The vote came late Tuesday afternoon, hours after Alberta Education Minister Gordon Dirks tabled a draft amendment to Bill 10 that will allow students access to the student clubs in the province’s public and Catholic schools.
Gay-straight alliances, or GSAs, do not segregate students, Dirks said at the opening of question period Tuesday.
"They are not designed to be exclusive."
The original version of the controversial bill would have forced students to take their school boards to court if they were prohibited from creating a GSA. Premier Jim Prentice put the bill on hold in December following backlash from opposition MLAs and the public.
In introducing Bill 10, the Progressive Conservatives quashed Bill 202, which was introduced by Liberal MLA Laurie Blakeman and would have allowed students to set up GSAs in their schools.
Following Dirks's announcement, an emotional Blakeman addressed the legislature.
"Mr. Speaker, it is hard to contain my joy," she said.
In a late afternoon news conference, Prentice thanked Blakeman and gave her credit for her work on the issue.
Prentice said he changed his mind because of what he read in the media — "about how students and young people were responding to the difficult debate that was surrounding gay-straight alliances and Bill 10," he said.
The government also engaged in consultation, held meetings with various groups and obtained independent legal opinions.
"I think we all have been influenced in various ways," he said.
'Today we took a stand for human rights'
The legislation still needs royal assent and will come into effect on June 1. It will allow students to meet on school property and name the group what they wish (GSA or a QSA, a queer-straight alliance).
It will also add sexual orientation, sex, gender identity and gender expression to the Alberta Bill of Rights.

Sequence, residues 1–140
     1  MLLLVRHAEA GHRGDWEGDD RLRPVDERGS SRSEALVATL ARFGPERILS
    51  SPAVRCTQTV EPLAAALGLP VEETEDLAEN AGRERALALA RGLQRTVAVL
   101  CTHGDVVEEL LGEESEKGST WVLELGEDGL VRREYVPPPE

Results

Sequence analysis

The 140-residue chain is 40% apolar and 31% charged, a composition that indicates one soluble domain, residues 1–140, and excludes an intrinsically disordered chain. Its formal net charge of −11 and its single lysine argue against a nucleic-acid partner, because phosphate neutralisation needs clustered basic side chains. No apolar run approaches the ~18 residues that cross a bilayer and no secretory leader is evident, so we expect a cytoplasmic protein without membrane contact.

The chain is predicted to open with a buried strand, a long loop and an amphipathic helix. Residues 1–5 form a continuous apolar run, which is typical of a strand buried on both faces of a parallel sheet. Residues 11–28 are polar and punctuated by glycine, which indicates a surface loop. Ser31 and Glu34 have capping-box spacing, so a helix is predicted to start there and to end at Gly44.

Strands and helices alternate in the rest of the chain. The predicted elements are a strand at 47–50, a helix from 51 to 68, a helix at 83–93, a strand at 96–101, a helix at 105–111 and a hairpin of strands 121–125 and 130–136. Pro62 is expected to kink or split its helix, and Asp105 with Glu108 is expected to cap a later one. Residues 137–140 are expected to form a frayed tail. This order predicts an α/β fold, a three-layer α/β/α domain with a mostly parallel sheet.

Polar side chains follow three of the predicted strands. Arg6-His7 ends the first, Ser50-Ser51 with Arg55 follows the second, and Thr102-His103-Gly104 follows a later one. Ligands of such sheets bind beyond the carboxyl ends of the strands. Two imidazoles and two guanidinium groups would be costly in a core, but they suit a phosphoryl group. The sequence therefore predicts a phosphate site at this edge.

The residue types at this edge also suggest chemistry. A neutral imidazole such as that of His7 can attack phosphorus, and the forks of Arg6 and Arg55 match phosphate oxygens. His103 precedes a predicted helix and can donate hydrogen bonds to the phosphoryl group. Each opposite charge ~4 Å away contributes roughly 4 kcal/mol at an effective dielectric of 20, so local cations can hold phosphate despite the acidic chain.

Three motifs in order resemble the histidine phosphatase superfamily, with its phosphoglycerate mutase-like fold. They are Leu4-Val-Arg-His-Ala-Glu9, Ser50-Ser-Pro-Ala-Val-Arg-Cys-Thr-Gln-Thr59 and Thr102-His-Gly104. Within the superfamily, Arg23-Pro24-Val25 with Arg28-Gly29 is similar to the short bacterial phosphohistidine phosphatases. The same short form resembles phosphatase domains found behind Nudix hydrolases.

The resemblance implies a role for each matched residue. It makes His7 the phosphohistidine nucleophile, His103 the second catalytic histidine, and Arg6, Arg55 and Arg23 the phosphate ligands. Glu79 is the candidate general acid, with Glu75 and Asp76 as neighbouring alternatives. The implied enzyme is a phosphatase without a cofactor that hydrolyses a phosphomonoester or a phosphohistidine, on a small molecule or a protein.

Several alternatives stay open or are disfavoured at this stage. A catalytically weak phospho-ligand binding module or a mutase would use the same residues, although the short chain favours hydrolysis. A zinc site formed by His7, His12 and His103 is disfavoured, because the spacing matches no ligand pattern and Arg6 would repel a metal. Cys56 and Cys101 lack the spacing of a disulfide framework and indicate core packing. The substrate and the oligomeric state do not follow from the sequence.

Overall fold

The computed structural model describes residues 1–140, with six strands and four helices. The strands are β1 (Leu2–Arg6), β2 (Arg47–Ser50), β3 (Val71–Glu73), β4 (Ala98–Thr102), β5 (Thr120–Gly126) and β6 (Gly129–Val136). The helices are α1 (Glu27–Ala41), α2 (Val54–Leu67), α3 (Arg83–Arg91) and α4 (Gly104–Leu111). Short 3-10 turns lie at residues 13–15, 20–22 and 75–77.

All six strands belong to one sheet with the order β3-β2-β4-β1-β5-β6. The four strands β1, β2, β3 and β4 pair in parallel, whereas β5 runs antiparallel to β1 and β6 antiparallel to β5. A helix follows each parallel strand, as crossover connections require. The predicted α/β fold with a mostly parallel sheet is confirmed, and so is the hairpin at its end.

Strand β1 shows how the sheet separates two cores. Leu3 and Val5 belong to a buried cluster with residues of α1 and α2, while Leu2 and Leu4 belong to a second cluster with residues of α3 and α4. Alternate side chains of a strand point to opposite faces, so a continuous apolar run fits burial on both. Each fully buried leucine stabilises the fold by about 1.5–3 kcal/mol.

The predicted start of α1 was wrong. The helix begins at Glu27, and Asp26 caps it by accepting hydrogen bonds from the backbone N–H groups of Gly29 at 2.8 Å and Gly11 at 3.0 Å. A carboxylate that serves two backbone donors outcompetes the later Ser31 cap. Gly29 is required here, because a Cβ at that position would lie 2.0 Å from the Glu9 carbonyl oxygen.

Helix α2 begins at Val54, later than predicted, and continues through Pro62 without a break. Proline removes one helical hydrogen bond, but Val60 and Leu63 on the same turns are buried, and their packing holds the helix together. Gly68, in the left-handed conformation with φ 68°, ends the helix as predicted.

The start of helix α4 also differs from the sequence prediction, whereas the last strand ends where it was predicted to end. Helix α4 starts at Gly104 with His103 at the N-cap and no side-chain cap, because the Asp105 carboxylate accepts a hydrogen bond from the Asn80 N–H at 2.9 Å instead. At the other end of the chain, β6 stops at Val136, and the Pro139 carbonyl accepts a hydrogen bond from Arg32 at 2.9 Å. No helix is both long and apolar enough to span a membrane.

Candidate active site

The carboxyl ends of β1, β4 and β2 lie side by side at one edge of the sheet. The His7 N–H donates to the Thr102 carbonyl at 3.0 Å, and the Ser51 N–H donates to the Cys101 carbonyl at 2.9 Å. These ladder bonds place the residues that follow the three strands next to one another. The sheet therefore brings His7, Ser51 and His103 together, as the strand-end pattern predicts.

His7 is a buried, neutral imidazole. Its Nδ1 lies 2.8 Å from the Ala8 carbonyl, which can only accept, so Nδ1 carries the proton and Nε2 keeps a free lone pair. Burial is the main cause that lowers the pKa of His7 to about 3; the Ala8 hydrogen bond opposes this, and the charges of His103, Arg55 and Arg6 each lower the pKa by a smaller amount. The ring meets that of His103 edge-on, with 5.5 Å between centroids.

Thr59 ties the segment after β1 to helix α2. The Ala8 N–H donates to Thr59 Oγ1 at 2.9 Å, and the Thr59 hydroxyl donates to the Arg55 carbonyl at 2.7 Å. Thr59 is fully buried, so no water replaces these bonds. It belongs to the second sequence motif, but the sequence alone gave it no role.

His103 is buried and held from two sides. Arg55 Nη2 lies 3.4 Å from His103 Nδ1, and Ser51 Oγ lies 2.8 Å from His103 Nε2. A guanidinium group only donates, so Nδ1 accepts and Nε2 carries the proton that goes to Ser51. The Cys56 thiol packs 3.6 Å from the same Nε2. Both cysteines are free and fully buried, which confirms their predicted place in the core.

Kristopher Wells, an assistant professor with the Institute for Sexual Minority Studies and Services at the University of Alberta, said the legislation makes Alberta a leader in LGBT rights in Canada. He was in the legislature when the bill passed third reading.
“It’s hard to believe but we are no longer the redneck, roughneck province," he said. "Today we took a stand for human rights. Today, we’re in the lead."
Word of Bill 10's passage spread quickly outside the legislature. Tobyn Walker, a 17-year-old student at Victoria School of the Arts in Edmonton, said she couldn't believe it happened.
She said her school's GSA has made a huge difference in her life and the lives of other students.
"I know a couple of people who also attend the GSA on a regular basis and they've told me that they feel more comfortable with who they are because they have this support group with them," she said.
From head to heart
Dirks, who was a pastor before Prentice appointed him to cabinet last fall, was the focus of much criticism during last year's Bill 10 debate. Since then, Dirks met with students in GSAs and learned how they were helped by them.
"Some of those moments were very moving moments as you heard students telling their stories of being bullied, discriminated against, feeling suicidal," he said.
"When you have those kinds of intimate, frank conversations with students, it goes from your head to your heart."
Dirks thinks the legislation will have "overwhelming" support from Albertans.
NDP Leader Rachel Notley was pleased the government changed its mind but suggested they shouldn't get too much credit.
"I think what's important for people to understand though, is that these guys had to be dragged, kicking and screaming over the finish line on this one," she said.
"It's a testament to the strength of the youth that kept pushing it, to the strength of the activists and frankly, to some extent, to the strength of the opposition in forcing the government to come to terms with this issue."
The vote did not pass unanimously. Two PC MLAs voted against the amendment to Bill 10 — Ian Donovan and Bruce Rowe.
In December, Bishop Fred Henry of Calgary and Archbishop Richard Smith of Edmonton wrote pastoral letters praising Bill 10 in its original form because it didn't mandate GSAs in Catholic schools.
Prentice said he spoke with both men about the upcoming amendments but declined to share their response with reporters.